The Effacement of Women in the French Resistance


  • Stella Etienne University of Florida



French Resistance, Women, World War II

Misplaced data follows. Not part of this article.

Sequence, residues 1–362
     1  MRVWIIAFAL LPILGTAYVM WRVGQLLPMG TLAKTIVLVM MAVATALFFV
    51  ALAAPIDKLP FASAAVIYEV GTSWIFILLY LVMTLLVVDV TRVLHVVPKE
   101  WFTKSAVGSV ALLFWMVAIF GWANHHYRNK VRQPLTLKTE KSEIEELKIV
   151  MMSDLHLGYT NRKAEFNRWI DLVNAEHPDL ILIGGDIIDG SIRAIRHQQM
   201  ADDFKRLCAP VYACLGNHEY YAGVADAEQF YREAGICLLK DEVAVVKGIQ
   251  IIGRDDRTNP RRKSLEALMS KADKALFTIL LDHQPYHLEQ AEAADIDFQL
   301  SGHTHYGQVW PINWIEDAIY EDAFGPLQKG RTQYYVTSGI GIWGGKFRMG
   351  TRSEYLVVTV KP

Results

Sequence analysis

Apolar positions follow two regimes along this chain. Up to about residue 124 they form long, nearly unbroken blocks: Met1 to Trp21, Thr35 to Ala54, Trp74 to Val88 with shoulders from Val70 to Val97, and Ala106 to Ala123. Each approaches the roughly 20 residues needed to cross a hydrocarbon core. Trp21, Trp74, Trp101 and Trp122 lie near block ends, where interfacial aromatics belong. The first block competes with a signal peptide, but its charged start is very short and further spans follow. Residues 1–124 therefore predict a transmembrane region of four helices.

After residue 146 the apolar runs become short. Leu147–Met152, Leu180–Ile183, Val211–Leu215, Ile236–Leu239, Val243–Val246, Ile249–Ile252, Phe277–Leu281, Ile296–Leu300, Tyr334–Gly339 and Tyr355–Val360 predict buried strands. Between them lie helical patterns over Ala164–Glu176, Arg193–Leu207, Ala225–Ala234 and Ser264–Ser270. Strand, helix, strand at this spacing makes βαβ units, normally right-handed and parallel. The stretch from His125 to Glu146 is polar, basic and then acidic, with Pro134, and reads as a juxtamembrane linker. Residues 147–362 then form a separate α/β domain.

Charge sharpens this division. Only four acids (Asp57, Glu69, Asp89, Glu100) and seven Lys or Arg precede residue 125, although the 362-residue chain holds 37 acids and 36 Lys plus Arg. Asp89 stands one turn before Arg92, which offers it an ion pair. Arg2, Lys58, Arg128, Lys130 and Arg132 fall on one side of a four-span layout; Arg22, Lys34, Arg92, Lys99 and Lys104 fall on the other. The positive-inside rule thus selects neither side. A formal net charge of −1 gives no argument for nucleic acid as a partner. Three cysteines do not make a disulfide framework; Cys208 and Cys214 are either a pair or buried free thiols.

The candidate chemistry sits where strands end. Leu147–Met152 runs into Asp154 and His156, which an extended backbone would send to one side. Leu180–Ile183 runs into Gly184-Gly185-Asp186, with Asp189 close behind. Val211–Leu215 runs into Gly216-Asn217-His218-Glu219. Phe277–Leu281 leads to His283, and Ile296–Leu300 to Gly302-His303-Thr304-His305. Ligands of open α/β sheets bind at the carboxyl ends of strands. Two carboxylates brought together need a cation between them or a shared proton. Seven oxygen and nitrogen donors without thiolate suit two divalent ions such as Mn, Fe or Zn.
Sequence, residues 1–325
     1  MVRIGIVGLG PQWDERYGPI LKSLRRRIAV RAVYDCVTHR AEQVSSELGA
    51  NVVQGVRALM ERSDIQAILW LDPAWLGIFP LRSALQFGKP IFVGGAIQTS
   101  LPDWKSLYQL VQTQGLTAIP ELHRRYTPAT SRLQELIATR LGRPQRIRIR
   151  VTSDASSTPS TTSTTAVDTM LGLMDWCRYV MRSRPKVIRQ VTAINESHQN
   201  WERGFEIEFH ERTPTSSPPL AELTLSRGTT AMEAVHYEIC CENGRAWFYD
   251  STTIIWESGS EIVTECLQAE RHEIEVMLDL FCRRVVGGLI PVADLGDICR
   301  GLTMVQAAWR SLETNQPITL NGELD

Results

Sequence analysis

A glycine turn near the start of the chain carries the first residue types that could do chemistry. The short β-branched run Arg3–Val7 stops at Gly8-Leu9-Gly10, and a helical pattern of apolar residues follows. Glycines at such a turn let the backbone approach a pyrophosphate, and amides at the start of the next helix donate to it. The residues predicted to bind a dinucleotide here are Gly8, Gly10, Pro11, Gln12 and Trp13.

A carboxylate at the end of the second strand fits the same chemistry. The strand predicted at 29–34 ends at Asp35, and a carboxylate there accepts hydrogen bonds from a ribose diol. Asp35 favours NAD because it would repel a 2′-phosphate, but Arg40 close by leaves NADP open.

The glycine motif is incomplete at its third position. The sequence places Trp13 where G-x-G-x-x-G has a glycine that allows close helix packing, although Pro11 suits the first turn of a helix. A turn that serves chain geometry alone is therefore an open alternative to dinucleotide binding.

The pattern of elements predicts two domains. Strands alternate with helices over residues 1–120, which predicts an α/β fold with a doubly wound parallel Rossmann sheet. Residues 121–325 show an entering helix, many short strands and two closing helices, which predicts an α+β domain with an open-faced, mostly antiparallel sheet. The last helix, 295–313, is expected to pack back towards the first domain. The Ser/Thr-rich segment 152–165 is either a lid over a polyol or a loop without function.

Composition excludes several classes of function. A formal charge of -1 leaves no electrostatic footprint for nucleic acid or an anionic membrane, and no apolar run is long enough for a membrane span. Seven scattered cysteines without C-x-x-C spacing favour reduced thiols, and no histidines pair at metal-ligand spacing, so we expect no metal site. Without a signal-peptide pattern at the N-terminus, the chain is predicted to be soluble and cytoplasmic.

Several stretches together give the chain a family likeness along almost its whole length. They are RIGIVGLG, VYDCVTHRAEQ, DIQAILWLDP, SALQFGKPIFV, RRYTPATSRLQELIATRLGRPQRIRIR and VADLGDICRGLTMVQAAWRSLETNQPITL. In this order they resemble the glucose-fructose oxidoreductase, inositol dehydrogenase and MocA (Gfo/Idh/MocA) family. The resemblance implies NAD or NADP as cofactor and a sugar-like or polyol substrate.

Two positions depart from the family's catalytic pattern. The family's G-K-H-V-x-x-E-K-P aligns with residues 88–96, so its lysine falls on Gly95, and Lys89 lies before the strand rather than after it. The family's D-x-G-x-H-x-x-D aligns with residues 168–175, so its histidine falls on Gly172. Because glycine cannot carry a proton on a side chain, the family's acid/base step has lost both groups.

Women who participated in the French Resistance effort have been thought to self-efface themselves from history. This paper aims to show that though it might be possible to come to this conclusion if the words they say are taken at face value, women in the French Resistance often represented their contributions in similar ways notably through the medium of memoirs that focus on duty, banalities of life, and a refusal to succumb to negative attitudes or victimization despite the horrors of the 1940’s. By comparing three notable female resistance figures (Lucie Aubrac, Germaine Tillion, and Agnés Humbert) in conjunction with numerous interviews of other women, it is evident that these women do not seek to efface themselves or other women’s contribution. Instead, the common bias of looking at Resistance efforts through a masculine heroism lens marginalizes these women’s contributions. By removing this lens or rethinking what female heroism means reconciles these women’s efforts to their true place in the historical record. The fact that these women deny their heroism does not downplay their contribution to the resistance effort, especially after constantly affirming the importance of these efforts.


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